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ccTLD Agreement Signed with auDA

Marina del Rey, California, USA (25 October 2001) - The Internet for Assigned Names and Numbers (ICANN) today announced the signing of its first formal agreement with a country code top level domain (ccTLD) operator. The agreement is with the auDA, the operator of the Australian ccTLD registry for domain names that end in the suffix, .au.

"It is not surprising that the Australian ccTLD would be the first to sign an agreement," said ICANN President/CEO, M. Stuart Lynn. "The Australian Internet community and the Australian government have a longstanding commitment to ICANN. Australia has a well developed Internet community due in no small measure to the pioneering work of Robert Elz." Elz, an engineer at the University of Melbourne, has managed .au since it was established. Earlier this year, it was announced that .au would be turned over to auDA.

auDA – which stands for ".au Domain Administration" – is a non-profit company that was established in April 1999 by the Australian Internet community. Subject to Australian government oversight, auDA, will now act as the industry self-regulatory body for the .au namespace, with responsibility for introducing competition in the Australian domain name registration space, evolution of .au names policy, and the introduction of an Australian domain name dispute resolution process.

"This is a significant milestone for Australia's Internet users and for the global Internet community," observed Chris Disspain, CEO of auDA. "We are pleased to have signed an agreement with ICANN, and are committed to our role in ICANN's larger mandate of coordinating global Internet stability."

Australia was an early participant in the Internet, beginning with the Australian Computer Science Network (ACSnet) in the mid-1970s. The .au ccTLD was delegated to Robert Elz in March 1986, shortly after the Internet domain-name system was deployed in 1985 by the University of Southern California's Information Sciences Institute (which then performed the Internet Assigned Numbers Authority (IANA) functions under contract to the United States Government). Robert Elz has been a long-standing leader in the development of the Internet in Australia, and has selflessly served in a volunteer capacity since his appointment as .au ccTLD's manager. Australia has a population of nearly 20,000,000, of which over an estimated 8,000,000 are Internet users.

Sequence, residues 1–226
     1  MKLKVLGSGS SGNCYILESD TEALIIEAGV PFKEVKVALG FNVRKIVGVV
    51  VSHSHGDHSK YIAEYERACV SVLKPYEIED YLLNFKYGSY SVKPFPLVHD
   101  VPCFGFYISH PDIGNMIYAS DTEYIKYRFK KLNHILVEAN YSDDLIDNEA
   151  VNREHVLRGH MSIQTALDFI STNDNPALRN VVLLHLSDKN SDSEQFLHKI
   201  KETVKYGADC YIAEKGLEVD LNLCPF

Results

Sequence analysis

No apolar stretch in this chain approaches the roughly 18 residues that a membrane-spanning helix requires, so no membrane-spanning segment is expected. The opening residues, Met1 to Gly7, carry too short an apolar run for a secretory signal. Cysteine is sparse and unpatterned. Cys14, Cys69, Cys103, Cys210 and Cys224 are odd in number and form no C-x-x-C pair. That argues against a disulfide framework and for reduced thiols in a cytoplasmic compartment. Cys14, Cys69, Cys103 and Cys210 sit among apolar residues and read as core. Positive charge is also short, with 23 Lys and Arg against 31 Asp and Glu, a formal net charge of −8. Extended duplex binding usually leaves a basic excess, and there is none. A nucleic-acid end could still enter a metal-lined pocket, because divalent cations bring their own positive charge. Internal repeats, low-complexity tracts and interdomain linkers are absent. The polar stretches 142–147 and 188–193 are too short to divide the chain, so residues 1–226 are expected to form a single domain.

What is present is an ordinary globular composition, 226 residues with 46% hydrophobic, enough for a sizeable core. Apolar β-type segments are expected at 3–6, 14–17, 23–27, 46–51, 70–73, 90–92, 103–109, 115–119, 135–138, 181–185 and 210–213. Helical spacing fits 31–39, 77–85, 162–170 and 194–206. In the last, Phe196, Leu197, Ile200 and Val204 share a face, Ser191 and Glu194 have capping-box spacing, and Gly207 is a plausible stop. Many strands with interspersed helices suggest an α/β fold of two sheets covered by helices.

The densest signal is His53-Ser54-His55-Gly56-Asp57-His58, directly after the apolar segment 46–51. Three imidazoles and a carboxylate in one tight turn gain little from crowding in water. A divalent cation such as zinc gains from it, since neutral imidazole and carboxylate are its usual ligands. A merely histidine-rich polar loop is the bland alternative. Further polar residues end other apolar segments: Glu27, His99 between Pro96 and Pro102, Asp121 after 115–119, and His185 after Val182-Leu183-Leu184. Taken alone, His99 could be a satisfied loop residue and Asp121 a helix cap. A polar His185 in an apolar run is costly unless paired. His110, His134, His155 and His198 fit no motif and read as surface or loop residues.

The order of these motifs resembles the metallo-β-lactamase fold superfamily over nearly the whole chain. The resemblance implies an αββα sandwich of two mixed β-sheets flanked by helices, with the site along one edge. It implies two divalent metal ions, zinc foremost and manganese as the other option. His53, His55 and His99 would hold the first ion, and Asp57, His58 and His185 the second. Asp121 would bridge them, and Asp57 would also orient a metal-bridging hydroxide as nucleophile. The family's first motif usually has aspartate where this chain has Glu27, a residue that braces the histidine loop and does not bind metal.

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Domain Name System
Internationalized Domain Name ,IDN,"IDNs are domain names that include characters used in the local representation of languages that are not written with the twenty-six letters of the basic Latin alphabet ""a-z"". An IDN can contain Latin letters with diacritical marks, as required by many European languages, or may consist of characters from non-Latin scripts such as Arabic or Chinese. Many languages also use other types of digits than the European ""0-9"". The basic Latin alphabet together with the European-Arabic digits are, for the purpose of domain names, termed ""ASCII characters"" (ASCII = American Standard Code for Information Interchange). These are also included in the broader range of ""Unicode characters"" that provides the basis for IDNs. The ""hostname rule"" requires that all domain names of the type under consideration here are stored in the DNS using only the ASCII characters listed above, with the one further addition of the hyphen ""-"". The Unicode form of an IDN therefore requires special encoding before it is entered into the DNS. The following terminology is used when distinguishing between these forms: A domain name consists of a series of ""labels"" (separated by ""dots""). The ASCII form of an IDN label is termed an ""A-label"". All operations defined in the DNS protocol use A-labels exclusively. The Unicode form, which a user expects to be displayed, is termed a ""U-label"". The difference may be illustrated with the Hindi word for ""test"" — परीका — appearing here as a U-label would (in the Devanagari script). A special form of ""ASCII compatible encoding"" (abbreviated ACE) is applied to this to produce the corresponding A-label: xn--11b5bs1di. A domain name that only includes ASCII letters, digits, and hyphens is termed an ""LDH label"". Although the definitions of A-labels and LDH-labels overlap, a name consisting exclusively of LDH labels, such as"""" is not an IDN."